There is More to Prayer than the Answer

I sit and wait for God to let me in on His, up until now, secret plot for my life. I have heard it a thousand times or maybe only one hundred times, as a matter of fact I don’t know how many times I have heard it and I don’t know how many times I have preached it but I do know that yes, no or wait are the only possible answers to my requests. So I sit and wait with nothing to do but wait until wait becomes a yes or no or maybe a no not now becomes a wait a little longer or a yes for now becomes a no for later or a wait becomes a…

Living for an answer makes prayer no more than a quest for directions.

Over time we have made our interactions with God about seeking His will. I would be teaching questionable theology if I said prayer had nothing to do with seeking God’s will. I also would most likely end up ducking holy lightening bolts (the holy lightening bolts may also be questionable theology). Prayer is the very act of seeking God’s direction, His provision and His blessing as we seek to understand His will and live it out in our lives but there is so much more to it than this.

The act of prayer begins a process.

The act of prayer is not the beginning of the process of God taking action in your situation as many would have you believe. The act of prayer is the beginning of the process of you trusting God with your situation. It would not be bad theology to say that God often waits for us to pray before He acts but it is bad theology to say that God requires us to pray before He acts. Prayer works because God has chosen to make prayer a part of the Christ follower’s journey of faith. Each prayer is a step in our journey to trust God completely.

The process is not waiting in the void of unanswered requests.

In the simplicity of the yes, no or wait doctrine on prayer requests lies the emptiness of God’s perfect timing. I know that calling anything God does both perfect and empty in the same sentence suggests I don’t proofread my work or even worse, I have a very poor or even nonexistent theological understanding, but bear with me on this one. If all prayer, at least the petition part of prayer, is about waiting for a yes, no or even worse waiting longer for a yes or no, then prayer is not only the beginning of the process of trusting God, it’s the beginning of the process of emptiness until something happens. How depressing.

The act of prayer makes a statement.

Even though most prayers are questions/requests, all prayers are statements. To ask is to believe, to have faith even if your faith is weak.

When we pray we are making the statement that we need God.

When we pray we are making the statement that God can do something that we can’t.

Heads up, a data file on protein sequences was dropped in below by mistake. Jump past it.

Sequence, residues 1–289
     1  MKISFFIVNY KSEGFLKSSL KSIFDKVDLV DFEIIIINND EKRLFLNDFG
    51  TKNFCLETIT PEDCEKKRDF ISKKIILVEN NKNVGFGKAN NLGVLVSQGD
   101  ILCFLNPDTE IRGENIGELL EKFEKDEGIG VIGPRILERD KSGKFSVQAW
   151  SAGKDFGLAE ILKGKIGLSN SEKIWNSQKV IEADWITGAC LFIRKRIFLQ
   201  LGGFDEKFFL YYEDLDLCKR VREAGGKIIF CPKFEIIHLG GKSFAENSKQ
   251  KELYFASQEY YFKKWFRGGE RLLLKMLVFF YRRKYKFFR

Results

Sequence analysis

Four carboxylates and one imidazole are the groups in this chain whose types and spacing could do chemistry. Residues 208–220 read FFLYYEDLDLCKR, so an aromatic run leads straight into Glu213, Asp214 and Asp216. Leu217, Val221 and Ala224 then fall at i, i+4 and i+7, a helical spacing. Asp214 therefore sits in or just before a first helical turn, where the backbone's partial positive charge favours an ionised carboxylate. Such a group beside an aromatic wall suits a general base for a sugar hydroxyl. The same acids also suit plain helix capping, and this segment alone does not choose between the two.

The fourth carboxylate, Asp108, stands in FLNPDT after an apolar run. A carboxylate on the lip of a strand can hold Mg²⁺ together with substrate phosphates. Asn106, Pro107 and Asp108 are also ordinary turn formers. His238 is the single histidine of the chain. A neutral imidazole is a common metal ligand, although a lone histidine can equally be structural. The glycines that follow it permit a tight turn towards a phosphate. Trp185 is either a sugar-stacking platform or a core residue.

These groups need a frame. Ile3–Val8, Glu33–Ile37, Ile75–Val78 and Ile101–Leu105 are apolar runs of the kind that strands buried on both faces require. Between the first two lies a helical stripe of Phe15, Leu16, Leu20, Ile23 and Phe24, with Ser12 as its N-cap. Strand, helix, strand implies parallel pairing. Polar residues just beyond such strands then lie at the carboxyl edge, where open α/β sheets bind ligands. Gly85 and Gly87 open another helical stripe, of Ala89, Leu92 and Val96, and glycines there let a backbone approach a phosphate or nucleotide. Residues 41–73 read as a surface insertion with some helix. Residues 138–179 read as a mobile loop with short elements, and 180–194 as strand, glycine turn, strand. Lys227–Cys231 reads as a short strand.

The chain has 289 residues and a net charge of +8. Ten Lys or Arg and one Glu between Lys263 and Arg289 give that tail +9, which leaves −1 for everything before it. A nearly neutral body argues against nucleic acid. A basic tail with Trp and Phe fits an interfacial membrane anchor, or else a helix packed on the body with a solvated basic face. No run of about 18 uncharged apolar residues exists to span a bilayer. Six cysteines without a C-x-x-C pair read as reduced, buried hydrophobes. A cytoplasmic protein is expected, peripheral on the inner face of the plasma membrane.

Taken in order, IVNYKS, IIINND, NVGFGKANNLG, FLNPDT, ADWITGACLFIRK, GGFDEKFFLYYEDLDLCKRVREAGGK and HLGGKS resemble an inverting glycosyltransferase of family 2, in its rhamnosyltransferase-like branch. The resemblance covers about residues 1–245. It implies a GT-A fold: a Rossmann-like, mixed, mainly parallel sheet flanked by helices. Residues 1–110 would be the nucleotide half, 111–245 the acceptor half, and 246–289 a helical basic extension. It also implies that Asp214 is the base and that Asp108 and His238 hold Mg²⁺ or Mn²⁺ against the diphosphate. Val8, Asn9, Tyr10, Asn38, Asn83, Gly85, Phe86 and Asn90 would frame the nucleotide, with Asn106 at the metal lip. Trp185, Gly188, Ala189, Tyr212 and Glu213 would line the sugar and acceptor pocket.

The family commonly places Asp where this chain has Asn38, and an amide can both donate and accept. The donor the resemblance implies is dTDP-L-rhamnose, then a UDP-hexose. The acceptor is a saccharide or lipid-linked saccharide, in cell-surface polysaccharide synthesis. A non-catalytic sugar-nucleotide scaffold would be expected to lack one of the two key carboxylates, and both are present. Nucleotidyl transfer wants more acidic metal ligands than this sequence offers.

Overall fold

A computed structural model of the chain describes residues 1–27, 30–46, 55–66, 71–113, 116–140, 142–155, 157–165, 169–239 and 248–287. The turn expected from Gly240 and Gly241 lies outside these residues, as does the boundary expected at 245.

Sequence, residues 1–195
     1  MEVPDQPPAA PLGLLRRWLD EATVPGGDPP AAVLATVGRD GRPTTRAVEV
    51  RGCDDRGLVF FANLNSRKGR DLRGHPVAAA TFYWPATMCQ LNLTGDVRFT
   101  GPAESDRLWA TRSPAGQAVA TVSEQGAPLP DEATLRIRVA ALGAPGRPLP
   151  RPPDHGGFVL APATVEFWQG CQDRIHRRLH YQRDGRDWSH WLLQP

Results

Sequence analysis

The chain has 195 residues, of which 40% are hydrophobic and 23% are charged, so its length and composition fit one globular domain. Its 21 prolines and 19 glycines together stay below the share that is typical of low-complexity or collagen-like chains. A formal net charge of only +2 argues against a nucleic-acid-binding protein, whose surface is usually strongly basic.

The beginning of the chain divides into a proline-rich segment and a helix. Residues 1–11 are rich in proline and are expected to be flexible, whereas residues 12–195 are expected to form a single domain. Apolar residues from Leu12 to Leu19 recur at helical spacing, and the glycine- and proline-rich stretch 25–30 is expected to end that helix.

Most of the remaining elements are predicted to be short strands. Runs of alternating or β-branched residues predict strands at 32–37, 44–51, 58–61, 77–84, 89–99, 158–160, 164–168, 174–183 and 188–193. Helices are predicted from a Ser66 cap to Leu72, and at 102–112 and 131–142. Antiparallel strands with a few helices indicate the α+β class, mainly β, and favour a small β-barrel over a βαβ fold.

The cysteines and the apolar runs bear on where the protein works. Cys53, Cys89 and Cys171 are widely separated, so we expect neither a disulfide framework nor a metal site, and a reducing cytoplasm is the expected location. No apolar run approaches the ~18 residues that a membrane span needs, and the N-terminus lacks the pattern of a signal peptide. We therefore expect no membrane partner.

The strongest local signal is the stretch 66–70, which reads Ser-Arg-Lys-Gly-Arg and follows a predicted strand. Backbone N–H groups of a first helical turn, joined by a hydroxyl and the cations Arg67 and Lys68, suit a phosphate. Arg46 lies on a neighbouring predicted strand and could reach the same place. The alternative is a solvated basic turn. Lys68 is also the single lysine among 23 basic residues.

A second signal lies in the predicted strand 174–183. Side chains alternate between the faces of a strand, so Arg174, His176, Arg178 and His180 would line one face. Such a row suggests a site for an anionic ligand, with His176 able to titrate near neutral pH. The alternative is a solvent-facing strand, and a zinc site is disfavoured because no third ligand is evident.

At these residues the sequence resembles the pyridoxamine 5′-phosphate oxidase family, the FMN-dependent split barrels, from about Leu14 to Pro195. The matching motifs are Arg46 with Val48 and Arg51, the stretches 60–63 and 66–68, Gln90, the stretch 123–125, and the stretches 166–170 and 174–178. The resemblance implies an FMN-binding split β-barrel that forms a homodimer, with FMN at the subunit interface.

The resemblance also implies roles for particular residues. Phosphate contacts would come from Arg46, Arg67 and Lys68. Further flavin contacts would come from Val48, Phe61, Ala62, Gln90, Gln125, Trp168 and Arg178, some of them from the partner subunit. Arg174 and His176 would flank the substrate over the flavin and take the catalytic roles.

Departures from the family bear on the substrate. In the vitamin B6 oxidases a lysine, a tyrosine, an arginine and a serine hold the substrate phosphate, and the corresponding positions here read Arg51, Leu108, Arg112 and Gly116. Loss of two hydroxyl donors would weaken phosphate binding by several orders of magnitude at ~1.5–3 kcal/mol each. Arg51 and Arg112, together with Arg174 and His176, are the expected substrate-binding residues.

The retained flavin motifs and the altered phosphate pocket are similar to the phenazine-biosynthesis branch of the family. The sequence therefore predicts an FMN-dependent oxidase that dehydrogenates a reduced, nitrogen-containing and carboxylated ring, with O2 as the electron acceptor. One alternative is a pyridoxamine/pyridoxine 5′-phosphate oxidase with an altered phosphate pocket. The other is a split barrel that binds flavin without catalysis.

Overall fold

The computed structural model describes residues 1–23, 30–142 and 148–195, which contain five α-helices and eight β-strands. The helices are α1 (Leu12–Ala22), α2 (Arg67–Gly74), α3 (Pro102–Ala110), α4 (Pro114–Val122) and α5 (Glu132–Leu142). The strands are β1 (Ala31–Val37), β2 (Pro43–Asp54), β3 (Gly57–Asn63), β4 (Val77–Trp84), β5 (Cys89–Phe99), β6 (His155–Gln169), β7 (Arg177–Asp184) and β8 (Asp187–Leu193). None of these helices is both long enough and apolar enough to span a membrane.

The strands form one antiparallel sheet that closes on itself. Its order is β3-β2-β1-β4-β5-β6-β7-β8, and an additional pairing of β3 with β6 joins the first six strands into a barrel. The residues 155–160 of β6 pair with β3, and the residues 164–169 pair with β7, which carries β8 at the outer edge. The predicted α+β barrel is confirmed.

When we pray we are making the statement that God cares enough to listen.

When we pray we are making a statement that God will answer.

These statements lead to so much more than a void.

There should be no emptiness, no void after we pray. By praying we have admitted that we need God and He is the only one that can help us. By praying we acknowledge that He is listening and will answer. If all this is true then it is not a void we are in but instead we are in the presence of a perfect God who is already addressing our requests. To put it another way, a shorter way, we have peace in the middle of our situation not a void.

Peace, God’s peace, is not emptiness or nothingness, it is not a void or the removal of trouble. God’s peace is the replacement of our fear caused by our understanding of the hopelessness of a situation with the understanding that God can and is addressing it.

In our human condition the peace of God exists in a state of flux.

It would be nice to hear a yes or no answer right away along with a set of instructions on how to proceed every time we pray. Even if we do get that yes or no answer we most likely will have to wait for the next step and we will most likely find ourselves losing the sense of peace that only God can give. Whether we are waiting for the first answer or the first step after the first answer, it is in our nature to become anxious.

Do not be anxious about anything, but in every situation, by prayer and petition, with thanksgiving, present your requests to God. And the peace of God, which transcends all understanding, will guard your hearts and your minds in Christ Jesus. Philippians 4:6-7 (NIV)

This verse is not a line but a circle. Even when we go from anxiousness to the peace that passes all understanding we can become fixated on the lack of progress and the peace we have can turn into the emptiness of God’s perfect timing.

Lack of peace is the beginning of anxiousness but the words of our prayers lead to the return of peace.

We are not in a void but in a battle to pray continually and remain in God’s peace.

I hope you have enjoyed this repost – I hope to return to blogging next week once I settle into my new transitional pastor contract.


  1. God invites us to pray about all our concerns. He, of course, recognizes those before we do, ourselves. So prayer is — at its heart — communication w/ a loving and all knowing God. It is communication in the context of relationship. We hang on the replies. But it is the relationship that really matters, I think.

    Liked by 2 people

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